Elections to parliament in the former Soviet republic of Georgia ended last night, as they began, in controversy with polling stations in two Georgian cities kept open beyond the official closing time after protests about late opening.
Polling stations remained open for an extra hour in the capital Tbilisi and for an extra four hours, until midnight, in the second city, Kutaisi. Both are areas where the opposition to the President, Eduard Shevardnadze, was believed to be strong.
Allegations of vote rigging overshadowed the hotly contested parliamentary elections which could see the ruling party of President Shevardnadze ousted after 11 years in power.
The authorities were standing by for violent protests after the polls closed. Interior Ministry forces were sent to the city of Rustavi because of fears of election-related disorder. Earlier, locked polling stations provoked anger among some voters. Officials said that up to 15 per cent of polling stations had failed to open on time due to a shortage of ballot papers.
The elections were dogged by allegations of unfair campaign practices, as well as isolated acts of violence. Last week, the head of Georgia's external security department warned of a risk of "destabilisation" from unspecified foreign countries a charge often levelled to explain embarrassing home-grown unrest.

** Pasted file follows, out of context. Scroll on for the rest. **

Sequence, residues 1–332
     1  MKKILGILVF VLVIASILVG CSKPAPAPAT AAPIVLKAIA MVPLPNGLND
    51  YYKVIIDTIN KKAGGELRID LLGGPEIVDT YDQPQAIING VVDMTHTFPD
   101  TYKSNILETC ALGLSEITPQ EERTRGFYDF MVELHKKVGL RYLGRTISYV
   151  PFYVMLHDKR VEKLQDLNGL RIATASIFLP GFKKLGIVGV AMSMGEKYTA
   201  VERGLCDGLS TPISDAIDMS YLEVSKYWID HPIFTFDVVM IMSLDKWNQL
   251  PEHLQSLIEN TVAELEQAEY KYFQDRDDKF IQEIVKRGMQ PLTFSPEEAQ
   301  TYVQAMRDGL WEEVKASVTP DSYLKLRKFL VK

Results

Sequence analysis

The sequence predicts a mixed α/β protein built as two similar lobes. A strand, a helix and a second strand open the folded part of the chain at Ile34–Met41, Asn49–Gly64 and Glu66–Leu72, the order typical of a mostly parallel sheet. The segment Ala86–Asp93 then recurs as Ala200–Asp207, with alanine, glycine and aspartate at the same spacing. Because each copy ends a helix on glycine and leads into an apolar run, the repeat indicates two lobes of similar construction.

The authorities also called on the Georgian media not to release results of exit polls before the result was announced. There were demonstrations in neighbouring Azerbaijan two weeks ago after elections in which Ilkham Aliyev, the son of the country's ailing leader, Geidar Aliyev, was declared the winner with a larger majority than had been suggested by exit polls.
An opposition victory would make Georgia the first of the former Soviet republics in the Caucasus and Central Asia to reject the leader it inherited from the Soviet era.
It would also spell the political demise of Mr Shevardnadze, the long-time head of the Georgian Communist Party and former Soviet foreign minister.
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